Archive for the ‘Chordalysis’ Category

Association Discovery Beyond Ten Variables – Prioritized Chordalysis

Monday, May 4th, 2015

Scaling log-linear analysis to datasets with thousands of variables by François Petitjean and Geoffrey I. Webb.

Abstract:

Association discovery is a fundamental data mining task. The primary statistical approach to association discovery between variables is log-linear analysis. Classical approaches to log-linear analysis do not scale beyond about ten variables. We have recently shown that, if we ensure that the graph supporting the log-linear model is chordal, log-linear analysis can be applied to datasets with hundreds of variables without sacrificing the statistical soundness [21]. However, further scalability remained limited, because state-of-the-art techniques have to examine every edge at every step of the search. This paper makes the following contributions: 1) we prove that only a very small subset of edges has to be considered at each step of the search; 2) we demonstrate how to efficiently find this subset of edges and 3) we show how to efficiently keep track of the best edges to be subsequently added to the initial model. Our experiments, carried out on real datasets with up to 2000 variables, show that our contributions make it possible to gain about 4 orders of magnitude, making log-linear analysis of datasets with thousands of variables possible in seconds instead of days.

The authors reduce the number of edges required to be examined in one example from 10,000,000 to 10,000, with corresponding savings in computation time. That was not an artifact of the data set but has been generalized by the authors and released as open source code: Chordalysis (GitHub).

If you prefer numbers, the analysis of a data set with 10,000,000 edges went from 39 hours to 27 seconds, a speedup of more than 5200X.

Definitely an addition to your data mining toolkit!

Chordalysis: a new method to discover the structure of data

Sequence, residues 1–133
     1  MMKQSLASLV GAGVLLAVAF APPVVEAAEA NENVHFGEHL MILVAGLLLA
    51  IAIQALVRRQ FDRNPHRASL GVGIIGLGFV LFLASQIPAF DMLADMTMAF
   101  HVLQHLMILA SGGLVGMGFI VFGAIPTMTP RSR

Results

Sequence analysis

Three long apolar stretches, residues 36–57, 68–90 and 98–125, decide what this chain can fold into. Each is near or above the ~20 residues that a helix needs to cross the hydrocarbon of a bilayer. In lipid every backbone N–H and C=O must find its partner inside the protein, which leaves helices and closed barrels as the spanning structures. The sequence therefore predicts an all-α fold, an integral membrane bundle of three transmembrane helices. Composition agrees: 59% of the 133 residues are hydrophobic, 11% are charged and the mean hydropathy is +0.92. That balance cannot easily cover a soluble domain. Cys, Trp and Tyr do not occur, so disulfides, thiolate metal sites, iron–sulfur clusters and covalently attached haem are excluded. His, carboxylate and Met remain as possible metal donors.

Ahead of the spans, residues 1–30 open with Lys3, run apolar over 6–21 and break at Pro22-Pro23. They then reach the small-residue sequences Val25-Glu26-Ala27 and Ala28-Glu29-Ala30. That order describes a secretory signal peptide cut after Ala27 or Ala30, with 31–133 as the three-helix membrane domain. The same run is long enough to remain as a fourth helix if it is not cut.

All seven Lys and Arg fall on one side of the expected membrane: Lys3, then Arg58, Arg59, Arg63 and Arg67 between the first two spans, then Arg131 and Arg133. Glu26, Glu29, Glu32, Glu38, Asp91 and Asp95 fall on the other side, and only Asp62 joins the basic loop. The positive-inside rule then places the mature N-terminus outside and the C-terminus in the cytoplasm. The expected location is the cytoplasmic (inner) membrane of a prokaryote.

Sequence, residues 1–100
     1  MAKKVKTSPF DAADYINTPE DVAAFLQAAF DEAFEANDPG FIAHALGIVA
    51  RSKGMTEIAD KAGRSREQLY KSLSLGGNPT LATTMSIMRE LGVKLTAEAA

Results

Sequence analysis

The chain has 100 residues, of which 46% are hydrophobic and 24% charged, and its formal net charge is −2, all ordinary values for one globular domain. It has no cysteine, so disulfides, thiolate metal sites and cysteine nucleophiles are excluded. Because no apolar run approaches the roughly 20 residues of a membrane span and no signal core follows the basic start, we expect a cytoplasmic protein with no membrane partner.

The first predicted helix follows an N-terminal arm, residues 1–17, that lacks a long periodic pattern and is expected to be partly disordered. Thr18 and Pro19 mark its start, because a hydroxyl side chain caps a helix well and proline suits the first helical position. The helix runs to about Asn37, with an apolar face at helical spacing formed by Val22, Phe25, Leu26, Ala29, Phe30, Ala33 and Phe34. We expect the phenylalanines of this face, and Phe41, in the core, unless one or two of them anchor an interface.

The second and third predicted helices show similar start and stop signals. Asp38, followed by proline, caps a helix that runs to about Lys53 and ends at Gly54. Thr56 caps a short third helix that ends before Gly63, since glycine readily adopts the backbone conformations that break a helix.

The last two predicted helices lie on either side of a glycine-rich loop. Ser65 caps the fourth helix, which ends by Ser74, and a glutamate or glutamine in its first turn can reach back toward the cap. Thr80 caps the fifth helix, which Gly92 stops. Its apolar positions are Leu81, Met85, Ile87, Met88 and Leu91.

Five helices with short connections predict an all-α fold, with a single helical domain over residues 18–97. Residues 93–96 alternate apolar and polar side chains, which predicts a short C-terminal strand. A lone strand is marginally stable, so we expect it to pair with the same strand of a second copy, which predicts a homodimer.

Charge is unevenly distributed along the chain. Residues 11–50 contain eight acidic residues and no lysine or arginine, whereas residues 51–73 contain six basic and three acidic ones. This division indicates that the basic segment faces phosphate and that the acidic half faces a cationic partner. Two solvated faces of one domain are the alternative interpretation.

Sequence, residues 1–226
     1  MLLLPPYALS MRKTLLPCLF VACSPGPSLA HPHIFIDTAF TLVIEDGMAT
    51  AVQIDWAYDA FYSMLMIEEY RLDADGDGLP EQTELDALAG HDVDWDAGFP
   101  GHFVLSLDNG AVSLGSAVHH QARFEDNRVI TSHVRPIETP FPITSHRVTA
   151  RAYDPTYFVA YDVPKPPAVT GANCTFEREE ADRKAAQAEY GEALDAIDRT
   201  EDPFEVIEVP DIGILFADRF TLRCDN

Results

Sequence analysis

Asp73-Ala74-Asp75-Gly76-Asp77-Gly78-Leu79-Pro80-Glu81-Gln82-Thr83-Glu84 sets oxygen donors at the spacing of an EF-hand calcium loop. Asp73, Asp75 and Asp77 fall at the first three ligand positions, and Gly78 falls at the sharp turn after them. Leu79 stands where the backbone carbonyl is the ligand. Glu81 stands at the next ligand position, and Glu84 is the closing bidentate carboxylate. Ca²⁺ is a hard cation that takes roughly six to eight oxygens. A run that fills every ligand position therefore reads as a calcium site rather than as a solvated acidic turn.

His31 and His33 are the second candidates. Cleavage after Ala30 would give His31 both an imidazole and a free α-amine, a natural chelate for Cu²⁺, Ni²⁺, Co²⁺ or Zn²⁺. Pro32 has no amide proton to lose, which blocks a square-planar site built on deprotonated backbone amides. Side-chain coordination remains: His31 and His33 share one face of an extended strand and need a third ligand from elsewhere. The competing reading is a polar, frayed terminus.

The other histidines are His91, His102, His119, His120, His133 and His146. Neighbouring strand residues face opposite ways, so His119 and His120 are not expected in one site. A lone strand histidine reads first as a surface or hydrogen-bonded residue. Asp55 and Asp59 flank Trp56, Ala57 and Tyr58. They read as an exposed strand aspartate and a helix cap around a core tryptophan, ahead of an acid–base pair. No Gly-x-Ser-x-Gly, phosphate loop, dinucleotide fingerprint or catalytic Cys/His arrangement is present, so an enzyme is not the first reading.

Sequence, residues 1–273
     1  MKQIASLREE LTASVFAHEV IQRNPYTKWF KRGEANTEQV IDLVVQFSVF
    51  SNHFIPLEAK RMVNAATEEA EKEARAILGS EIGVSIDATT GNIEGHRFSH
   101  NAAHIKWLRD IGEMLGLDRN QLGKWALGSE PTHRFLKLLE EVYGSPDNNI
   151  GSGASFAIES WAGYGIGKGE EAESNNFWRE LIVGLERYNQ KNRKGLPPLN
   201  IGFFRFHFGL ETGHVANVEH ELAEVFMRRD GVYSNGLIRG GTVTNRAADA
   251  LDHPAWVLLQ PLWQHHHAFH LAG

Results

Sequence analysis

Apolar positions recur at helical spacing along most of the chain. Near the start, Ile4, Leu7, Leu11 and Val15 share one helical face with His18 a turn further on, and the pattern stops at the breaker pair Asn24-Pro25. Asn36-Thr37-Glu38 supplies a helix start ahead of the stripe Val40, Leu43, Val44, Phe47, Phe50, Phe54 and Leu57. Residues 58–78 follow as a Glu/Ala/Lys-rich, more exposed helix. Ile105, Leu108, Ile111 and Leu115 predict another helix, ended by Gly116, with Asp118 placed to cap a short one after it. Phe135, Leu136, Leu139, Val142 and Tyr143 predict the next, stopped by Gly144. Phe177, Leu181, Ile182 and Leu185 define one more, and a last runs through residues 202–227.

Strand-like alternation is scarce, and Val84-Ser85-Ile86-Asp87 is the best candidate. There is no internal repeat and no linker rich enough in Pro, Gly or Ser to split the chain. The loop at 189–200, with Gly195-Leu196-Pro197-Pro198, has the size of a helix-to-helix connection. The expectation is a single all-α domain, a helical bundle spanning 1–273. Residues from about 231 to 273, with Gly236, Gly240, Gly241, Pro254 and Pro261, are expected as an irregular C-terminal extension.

Thursday, November 28th, 2013

Chordalysis: a new method to discover the structure of data by Francois Petitjean.

From the post:

…you can’t use log-linear analysis if your dataset has more than, say, 10 variables! This is because the process is exponential in the number of variables. That is where our new work makes a difference. The question was: how can we keep the rigorous statistical foundations of classical log-linear analysis but make it work for datasets with hundreds of variables?

The main part of the answer is “chordal graphs”, which are the graphs made of triangular structures. We showed that for this class of models, the theory is scalable for high-dimensional datasets. The rest of the solution involved melding the classical statistical machinery with advanced data mining techniques from association discovery and graphical modelling.

The result is Chordalysis: a log-linear analysis method for high-dimensional data. Chordalysis makes it possible to discover the structure of datasets with hundreds of variables on a standard computer. So far we’ve applied it successfully to datasets with up to 750 variables. (emphasis added)

Software: https://sourceforge.net/projects/chordalysis/

Scaling log-linear analysis to high-dimensional data (PDF), by Francois Petitjean, Geoffrey I. Webb and Ann E. Nicholson.

Abstract:

Association discovery is a fundamental data mining task. The primary statistical approach to association discovery between variables is log-linear analysis. Classical approaches to log-linear analysis do not scale beyond about ten variables. We develop an efficient approach to log-linear analysis that scales to hundreds of variables by melding the classical statistical machinery of log-linear analysis with advanced data mining techniques from association discovery and graphical modeling.

Being curious about what was meant by “…a standard computer…” I searched the paper to find:

The conjunction of these features makes it possible to scale log-linear analysis to hundreds of variables on a standard desktop computer. (page 3 of the PDF, the pages are unnumbered)

Not a lot clearer but certainly encouraging!

The data used in the paper can be found at: http://www.icpsr.umich.edu/icpsrweb/NACDA/studies/09915.

The Chordalysis wiki looks helpful.

So, are your clients going to be limited to 10 variables or a somewhat higher number?